At 12:01 this morning, thanks to that villain Randy Paul and, to a lesser extent, the guy who told us about it, the US government lost its authority to collect Americans’ phone records in bulk. The Patriot Act has expired. I assume you are reading this from the point of a scimitar, at the other end of which gibbers a bearded zealot. Perhaps you have already become an ISIS or, worse, a copyright infringer. Perhaps you are one of the handful of Americans who remain free, for now. Don’t panic. Probably, most major US cities will be anthraxed between now and lunch on Tuesday. But the strong can survive. You just need to take a few precautions.
Over at the Times, Thomas Friedman has invoked his own slippery slope to argue that if we don’t allow the NSA to log our calls and finger our metadata, another 9/11 might encourage us to cede our civil liberties even worse. It is a pretty convoluted slope—call it the slippery water slide. Friedman’s essential claim is that, while this recently-revealed infringement on our privacy is bad, it does not have so significant an impact on our civil liberties as the theoretical laws a frightened populace might accept in the aftermath of another theoretical 9/11. Then we’d really be in trouble.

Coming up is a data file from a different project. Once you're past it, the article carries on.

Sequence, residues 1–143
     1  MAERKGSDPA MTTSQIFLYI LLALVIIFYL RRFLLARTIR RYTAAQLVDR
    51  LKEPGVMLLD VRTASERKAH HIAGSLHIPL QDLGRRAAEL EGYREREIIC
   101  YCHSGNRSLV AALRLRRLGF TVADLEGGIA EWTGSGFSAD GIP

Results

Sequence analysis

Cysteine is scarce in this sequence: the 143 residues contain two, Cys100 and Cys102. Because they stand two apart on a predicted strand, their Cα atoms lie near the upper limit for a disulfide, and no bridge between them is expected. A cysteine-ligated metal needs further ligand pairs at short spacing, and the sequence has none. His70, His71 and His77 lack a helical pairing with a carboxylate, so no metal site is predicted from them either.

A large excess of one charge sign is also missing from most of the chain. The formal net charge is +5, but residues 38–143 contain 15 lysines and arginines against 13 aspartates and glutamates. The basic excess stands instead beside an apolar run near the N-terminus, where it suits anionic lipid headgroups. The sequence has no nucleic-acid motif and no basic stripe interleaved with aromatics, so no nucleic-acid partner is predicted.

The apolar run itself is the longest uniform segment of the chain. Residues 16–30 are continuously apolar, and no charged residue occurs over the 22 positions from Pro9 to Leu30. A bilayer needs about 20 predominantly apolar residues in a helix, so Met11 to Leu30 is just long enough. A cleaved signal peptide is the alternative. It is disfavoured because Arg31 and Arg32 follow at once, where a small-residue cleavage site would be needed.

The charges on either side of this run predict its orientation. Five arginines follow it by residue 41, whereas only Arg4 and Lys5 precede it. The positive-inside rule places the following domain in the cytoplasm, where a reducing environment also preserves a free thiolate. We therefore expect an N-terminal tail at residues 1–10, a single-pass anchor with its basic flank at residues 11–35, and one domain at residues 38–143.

Who wouldn’t want to know everything? If we could make sure we knew absolutely everything, nothing unfair would ever happen to us again. We would know, for example, whether the federal government’s secret reason why it’s authorized to collect the phone records of every Verizon customer is an airtight legal argument or a drawing of Mayor McCheese having his way with the Hamburglar. If we knew who all the terrorists were and whom they called, and who all those people called, we would have a sort of terrorist social network. I call it Friendsterrorist. It’s a list of everyone who is bad, and once we have it we need only shut those people down and live forever, like Myspace. Today is Friday, and what you don’t know could fill a book you aren’t allowed to read. Won’t you speculate on the contents with me?